The Education of Little Tree: how linguists can help expose fake Indians
The other day I picked up a copy of The Education of Little Tree by Forrest Carter; it’s a well-known fraud.
Let me show a linguist’s small contribution to the question of its authenticity.
Here are <Carter’s “Cherokee” words>, with actual words from the Cherokee Nation’s website in “phonetics” and Tsalagi syllabics.
spring [of water]: <lay-nah> (p.5)
little deer: <awi usdi> (p.5)
quail-hen: <min-e-lee> (p.5)
crow: <kagu> (p.5)
hawk: <tal-con> (p.9)
bee: <ti-bi> (p.9)
turkey: <tel-qui> (p.10)
(Mother) earth: <mon-o-lah> (p.12)
Only two of these (deer and crow) show much resemblance to the Cherokee Nation words.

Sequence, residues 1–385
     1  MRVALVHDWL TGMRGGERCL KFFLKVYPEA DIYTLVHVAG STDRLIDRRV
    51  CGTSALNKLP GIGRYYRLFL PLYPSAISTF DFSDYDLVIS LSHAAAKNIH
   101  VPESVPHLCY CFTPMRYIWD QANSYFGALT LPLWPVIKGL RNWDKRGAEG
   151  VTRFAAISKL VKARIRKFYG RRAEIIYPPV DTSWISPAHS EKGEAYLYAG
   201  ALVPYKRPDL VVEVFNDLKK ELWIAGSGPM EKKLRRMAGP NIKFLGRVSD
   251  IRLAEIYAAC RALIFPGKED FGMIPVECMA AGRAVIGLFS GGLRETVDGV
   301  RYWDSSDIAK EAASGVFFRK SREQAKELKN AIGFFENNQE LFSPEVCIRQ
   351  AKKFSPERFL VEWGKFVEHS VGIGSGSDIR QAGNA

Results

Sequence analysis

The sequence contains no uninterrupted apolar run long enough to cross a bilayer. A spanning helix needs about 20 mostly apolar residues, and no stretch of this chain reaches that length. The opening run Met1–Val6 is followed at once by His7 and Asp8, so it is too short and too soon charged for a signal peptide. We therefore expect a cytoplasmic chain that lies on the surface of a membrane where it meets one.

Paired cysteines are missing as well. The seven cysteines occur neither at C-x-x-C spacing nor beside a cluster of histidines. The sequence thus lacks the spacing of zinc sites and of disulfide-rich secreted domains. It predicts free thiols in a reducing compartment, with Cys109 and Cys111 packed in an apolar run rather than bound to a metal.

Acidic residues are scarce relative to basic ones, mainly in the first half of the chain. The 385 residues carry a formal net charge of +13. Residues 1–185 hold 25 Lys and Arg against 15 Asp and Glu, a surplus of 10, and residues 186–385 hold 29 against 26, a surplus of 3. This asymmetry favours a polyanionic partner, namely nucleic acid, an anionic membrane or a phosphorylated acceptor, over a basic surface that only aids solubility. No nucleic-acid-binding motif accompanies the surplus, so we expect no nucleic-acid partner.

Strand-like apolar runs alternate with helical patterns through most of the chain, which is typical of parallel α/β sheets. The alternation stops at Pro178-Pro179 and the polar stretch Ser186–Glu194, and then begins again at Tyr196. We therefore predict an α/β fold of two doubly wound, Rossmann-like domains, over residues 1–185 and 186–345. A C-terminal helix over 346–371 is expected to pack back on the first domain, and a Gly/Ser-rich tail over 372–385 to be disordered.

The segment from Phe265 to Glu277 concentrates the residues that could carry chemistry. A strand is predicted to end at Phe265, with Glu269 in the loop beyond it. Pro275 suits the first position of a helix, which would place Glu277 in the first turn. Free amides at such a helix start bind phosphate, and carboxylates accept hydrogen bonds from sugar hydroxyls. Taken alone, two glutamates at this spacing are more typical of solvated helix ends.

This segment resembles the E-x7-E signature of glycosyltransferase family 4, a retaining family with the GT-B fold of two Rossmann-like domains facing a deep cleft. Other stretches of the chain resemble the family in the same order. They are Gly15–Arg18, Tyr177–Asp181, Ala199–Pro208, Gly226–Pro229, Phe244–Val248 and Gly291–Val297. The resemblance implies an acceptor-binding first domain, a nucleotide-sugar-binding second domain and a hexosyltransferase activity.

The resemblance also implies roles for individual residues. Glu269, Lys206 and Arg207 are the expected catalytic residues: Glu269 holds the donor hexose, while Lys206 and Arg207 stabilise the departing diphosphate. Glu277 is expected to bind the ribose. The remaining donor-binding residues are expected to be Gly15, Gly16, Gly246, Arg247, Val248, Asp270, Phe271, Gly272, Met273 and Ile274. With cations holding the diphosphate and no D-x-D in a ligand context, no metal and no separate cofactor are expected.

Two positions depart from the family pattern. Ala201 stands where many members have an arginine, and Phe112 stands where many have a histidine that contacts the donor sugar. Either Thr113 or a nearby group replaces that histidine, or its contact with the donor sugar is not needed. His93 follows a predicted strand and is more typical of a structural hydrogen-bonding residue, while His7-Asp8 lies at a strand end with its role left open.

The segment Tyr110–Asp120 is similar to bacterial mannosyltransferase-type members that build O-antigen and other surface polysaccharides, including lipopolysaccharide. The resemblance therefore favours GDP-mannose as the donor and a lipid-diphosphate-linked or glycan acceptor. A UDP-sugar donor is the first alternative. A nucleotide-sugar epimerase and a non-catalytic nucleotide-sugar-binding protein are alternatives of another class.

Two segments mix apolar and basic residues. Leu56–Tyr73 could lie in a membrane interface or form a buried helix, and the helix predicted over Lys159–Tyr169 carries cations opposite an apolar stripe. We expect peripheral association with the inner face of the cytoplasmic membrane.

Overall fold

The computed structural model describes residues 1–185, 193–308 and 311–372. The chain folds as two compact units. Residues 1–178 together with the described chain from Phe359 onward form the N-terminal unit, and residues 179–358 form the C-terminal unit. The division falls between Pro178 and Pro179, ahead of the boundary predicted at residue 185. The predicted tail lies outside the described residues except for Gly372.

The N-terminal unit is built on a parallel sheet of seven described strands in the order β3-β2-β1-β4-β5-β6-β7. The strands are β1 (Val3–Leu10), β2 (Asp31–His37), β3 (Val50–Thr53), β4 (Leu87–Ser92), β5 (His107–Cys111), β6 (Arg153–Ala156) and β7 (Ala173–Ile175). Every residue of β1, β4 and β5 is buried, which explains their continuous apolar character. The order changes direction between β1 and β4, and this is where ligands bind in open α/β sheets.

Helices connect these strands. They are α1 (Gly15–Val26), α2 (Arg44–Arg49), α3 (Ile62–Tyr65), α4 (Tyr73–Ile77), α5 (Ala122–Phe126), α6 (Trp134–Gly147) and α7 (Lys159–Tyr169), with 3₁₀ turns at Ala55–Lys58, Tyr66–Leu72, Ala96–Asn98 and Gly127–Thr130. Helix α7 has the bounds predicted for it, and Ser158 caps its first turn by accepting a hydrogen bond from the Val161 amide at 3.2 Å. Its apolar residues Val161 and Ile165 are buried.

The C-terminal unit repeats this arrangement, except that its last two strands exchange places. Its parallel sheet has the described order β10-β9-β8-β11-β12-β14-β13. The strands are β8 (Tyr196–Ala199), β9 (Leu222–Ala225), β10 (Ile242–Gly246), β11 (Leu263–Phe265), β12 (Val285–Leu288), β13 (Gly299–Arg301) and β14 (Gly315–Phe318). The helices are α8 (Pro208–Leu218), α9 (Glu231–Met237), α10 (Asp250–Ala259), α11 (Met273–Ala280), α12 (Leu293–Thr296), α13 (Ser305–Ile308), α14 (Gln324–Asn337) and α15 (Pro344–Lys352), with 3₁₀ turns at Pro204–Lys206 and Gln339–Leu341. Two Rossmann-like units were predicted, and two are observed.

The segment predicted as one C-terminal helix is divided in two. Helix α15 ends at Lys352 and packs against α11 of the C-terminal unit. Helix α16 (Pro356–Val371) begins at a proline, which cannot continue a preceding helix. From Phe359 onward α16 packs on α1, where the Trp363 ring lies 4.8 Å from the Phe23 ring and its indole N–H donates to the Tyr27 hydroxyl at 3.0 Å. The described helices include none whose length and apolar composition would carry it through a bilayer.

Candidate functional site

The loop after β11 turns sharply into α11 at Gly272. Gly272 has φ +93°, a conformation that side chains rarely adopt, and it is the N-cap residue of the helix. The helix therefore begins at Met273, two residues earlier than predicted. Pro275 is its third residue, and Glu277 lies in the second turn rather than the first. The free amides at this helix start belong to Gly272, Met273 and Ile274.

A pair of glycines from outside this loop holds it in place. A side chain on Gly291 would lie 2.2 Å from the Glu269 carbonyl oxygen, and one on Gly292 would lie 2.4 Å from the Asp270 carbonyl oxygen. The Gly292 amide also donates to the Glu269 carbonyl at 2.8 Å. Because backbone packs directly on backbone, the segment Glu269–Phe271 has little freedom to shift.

Granted, I’m not a student of Cherokee and I haven’t bothered locating additional resources to evaluate the words Carter throws around.
But this preliminary view of the evidence inclines me to think Carter knew a couple of words of Cherokee that someone had told him — and then maybe he made up the rest.
So on the basic forensic linguistic evidence (totally aside from the facts of Carter’s white-supremacist life!) it seems pretty safe to assign The Education of Little Tree to the “Indian literary hoaxes” category, along with the Walam Olum and other inspired foolishness.